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Stage 1 - Planning to involve Aboriginal children and young people

“There should be different kind of programs…for different age groups of kids, girls, boys, old, young, and that sort of stuff… It encourages them to wanna be the one to win, and that sort of stuff.” 18 year-old young person

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This stage requires you to understand your organisation or agency and the community you intend to engage in to inform the development of an internal/draft project scope. This ensures you act on an informed basis in moving to Stage 2.

Stage 1 has three steps:

Step 1: Committing to the participation of Aboriginal children and young people

Step 2: Understanding your target community

Step 3: Developing a draft project scope

#1

Step 1

Committing to the participation of Aboriginal children and young people

“I would hire more staff members. So, let’s say I had so many kids who need help, I would get, like, hire more staff members, for each single one of them, one-on-one time with them, more time, would be great.” 17 year-old young person

Once you understand the benefits of including the participation of Aboriginal children and young people generally, you need to investigate how they apply to your specific organisation or agency and its business.

Why does your organisation or agency want to include Aboriginal children and young people?

A commitment to hearing and responding to the views of Aboriginal children and young people is vital for all organisations or agencies that deliver programs and services to this group. To enable this to occur consistently, leaders of organisations or agencies, including board members, chief executives, directors and managers, must take responsibility for creating and maintaining an organisational or agency-wide culture where consultation with Aboriginal children and young people is valued and respected.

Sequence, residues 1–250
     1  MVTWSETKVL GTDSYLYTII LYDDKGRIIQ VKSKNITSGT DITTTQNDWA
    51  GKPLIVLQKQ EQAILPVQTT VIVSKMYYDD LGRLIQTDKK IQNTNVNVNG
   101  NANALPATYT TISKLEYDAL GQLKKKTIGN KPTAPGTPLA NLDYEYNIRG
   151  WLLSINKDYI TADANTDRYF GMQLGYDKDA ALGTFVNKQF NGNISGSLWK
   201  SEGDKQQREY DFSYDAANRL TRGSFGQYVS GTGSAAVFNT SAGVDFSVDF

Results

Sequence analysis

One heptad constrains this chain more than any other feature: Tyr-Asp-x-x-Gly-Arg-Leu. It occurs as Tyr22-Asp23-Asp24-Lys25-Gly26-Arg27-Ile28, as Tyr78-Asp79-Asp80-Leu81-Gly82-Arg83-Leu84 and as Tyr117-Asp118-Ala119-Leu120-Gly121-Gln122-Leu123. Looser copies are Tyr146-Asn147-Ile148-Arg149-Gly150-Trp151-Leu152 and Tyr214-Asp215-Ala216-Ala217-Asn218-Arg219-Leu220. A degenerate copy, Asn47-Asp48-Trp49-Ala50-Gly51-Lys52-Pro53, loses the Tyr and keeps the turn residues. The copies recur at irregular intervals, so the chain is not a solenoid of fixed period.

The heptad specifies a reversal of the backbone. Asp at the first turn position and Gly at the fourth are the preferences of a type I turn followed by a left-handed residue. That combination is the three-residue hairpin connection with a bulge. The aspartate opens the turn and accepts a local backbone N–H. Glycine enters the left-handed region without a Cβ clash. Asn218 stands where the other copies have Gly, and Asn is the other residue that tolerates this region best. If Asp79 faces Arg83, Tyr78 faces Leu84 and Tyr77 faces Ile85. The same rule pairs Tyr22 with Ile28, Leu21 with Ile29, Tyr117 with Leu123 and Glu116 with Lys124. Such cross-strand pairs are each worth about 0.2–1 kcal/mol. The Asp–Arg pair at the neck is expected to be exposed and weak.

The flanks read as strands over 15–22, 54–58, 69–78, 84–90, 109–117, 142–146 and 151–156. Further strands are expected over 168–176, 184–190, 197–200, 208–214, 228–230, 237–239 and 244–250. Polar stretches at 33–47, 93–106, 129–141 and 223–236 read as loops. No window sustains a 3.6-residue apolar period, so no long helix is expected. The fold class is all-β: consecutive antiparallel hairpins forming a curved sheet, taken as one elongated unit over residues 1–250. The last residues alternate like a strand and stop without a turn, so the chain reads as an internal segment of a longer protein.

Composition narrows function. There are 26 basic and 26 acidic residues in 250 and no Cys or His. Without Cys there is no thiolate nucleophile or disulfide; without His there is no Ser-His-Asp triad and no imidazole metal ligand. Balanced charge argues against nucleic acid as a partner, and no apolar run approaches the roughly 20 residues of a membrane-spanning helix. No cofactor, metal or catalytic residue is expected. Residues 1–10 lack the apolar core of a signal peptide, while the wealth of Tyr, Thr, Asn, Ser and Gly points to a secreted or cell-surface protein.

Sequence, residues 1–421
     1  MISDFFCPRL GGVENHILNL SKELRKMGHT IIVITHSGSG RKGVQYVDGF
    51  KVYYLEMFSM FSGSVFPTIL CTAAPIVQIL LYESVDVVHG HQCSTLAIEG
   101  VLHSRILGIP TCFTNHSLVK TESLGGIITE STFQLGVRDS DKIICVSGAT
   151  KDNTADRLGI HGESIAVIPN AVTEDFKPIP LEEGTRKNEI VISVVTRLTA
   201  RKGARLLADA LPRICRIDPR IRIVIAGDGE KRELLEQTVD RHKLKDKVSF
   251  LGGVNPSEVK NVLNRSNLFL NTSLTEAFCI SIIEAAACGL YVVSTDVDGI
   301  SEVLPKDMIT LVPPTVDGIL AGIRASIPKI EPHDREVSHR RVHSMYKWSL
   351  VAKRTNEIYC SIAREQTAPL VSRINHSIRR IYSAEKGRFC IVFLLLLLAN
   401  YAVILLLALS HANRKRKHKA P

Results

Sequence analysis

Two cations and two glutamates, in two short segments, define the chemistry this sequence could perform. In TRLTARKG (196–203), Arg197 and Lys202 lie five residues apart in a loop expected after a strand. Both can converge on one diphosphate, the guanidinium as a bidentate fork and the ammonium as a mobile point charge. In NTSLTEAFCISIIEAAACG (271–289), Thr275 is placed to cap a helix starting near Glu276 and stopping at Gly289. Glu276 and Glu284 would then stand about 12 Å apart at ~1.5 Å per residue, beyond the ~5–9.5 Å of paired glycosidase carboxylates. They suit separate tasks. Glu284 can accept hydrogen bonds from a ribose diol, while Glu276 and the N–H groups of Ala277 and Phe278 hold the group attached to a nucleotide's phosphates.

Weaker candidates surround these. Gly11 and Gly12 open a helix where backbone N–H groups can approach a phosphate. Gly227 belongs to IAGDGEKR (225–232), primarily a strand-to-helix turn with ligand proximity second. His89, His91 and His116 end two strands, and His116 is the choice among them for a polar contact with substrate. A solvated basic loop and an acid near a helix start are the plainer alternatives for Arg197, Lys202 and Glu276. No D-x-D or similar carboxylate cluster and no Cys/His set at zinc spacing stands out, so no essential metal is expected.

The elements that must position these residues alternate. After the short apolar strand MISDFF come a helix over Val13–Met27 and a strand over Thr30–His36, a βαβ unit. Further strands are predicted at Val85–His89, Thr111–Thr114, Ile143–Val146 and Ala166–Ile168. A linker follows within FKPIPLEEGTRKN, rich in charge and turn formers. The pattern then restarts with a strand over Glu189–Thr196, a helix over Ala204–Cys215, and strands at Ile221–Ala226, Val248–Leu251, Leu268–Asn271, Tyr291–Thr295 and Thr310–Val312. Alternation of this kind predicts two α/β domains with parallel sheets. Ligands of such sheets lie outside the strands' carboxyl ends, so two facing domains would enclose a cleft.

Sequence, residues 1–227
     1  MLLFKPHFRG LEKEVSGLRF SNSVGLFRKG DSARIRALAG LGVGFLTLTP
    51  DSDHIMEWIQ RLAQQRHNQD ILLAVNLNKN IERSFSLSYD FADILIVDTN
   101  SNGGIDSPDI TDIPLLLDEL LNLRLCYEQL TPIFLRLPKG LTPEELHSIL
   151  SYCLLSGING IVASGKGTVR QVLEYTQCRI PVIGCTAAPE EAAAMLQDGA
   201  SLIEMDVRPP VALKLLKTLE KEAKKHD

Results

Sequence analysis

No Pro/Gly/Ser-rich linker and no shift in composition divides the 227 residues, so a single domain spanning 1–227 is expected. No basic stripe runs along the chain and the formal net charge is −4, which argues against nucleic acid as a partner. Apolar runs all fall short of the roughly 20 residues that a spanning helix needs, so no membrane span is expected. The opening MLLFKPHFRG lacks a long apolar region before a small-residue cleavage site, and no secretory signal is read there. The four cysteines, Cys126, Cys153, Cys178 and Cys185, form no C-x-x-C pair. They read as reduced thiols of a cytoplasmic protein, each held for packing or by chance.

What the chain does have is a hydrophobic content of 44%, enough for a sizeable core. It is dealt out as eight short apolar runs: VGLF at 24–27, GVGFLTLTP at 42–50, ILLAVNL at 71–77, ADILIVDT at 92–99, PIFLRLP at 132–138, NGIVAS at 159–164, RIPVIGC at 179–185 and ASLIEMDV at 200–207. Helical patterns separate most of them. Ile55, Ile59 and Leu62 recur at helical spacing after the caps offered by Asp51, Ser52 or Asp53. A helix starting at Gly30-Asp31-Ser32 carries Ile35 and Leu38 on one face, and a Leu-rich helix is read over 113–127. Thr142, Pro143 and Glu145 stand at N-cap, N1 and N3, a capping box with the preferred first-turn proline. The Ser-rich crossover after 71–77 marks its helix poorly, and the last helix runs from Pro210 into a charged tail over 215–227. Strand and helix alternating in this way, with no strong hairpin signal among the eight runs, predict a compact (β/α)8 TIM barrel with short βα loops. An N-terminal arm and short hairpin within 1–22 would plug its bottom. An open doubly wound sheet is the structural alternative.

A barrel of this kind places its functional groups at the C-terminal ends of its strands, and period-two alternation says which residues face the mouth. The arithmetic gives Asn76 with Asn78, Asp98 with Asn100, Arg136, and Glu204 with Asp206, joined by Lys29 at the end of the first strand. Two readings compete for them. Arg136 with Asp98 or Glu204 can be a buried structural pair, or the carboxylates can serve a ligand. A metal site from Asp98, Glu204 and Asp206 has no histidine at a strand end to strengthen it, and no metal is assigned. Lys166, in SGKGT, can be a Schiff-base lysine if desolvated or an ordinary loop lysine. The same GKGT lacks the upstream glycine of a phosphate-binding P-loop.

It is important to know:

  • what you want to achieve
  • how this is meaningful
  • that all parties involved have clear expectations.

Consider:

  • Why do you want to engage with Aboriginal children and young people in this particular scenario?
    • to improve the service or program?
    • to encourage them to attend your service?
    • to inform policy development?
    • to gain a creative or innovative perspective?
    • to build their decision making and leadership capacity?

Case study extract

Lore Law Project – Purpose

The Lore Law project stems from a very clear understanding the purpose of the project and the content of the project, and its Aboriginal youth engagement, has been focused to support that aim. 

“With the high rates of engagement of Aboriginal youth and Aboriginal Peoples with the WA justice system, the Francis Burt Law Education Programme (FBLEP), as a community law education program, determined that it had a responsibility to better engage with this audience. Instead of designing programs in the absence of Aboriginal people, FBLEP decided to find out what works for young Aboriginal people through direct engagement, including a number of consultations. FBLEP then facilitated the development of a process and a plan, led by young Aboriginal people, for how the lessons learned from those consultations would be implemented.”

View the Lore Law Project case study

Establish a statement of commitment

Commit to the participation of Aboriginal children and young people in a statement that is publicly available and explains how the commitment is actioned, relevant to your organisation’s or agency's work.

Examples of commitment statements and supporting strategies include:

  • Edmund Rice Education Australia Commitment Statement to Child Safety: “All children have a right to feel safe, and be safe. Edmund Rice Education Australia (EREA) is committed to creating an environment where the safety, wellbeing, and participation of all children and young people is paramount. Additional focus is given to vulnerable children, including Aboriginal and Torres Strait Islander children and children from culturally and/or linguistically diverse backgrounds, as well as children with a disability.”
  • Commissioner for Children and Young People Participation Policy: “Contributions made by children and young people should be recognised for their value and merit and given due consideration in decision making. All agencies whose work affects children and young people are encouraged to involve them in decision making…..The Commissioner is committed to consulting children and young people on their views about a range of matters that affect their wellbeing.”

The statement of commitment could be published in:

  • public documents, on the website, on posters or flyers across locations
  • induction/welcome packs, on key internal documents and intranet
  • in a Reconciliation Action Plan (RAP).

Examples of Reconciliation Action Plan commitments to working with Aboriginal peoples across Australia made by various organisations across industries are available below. 

Establish a business structure to support the commitment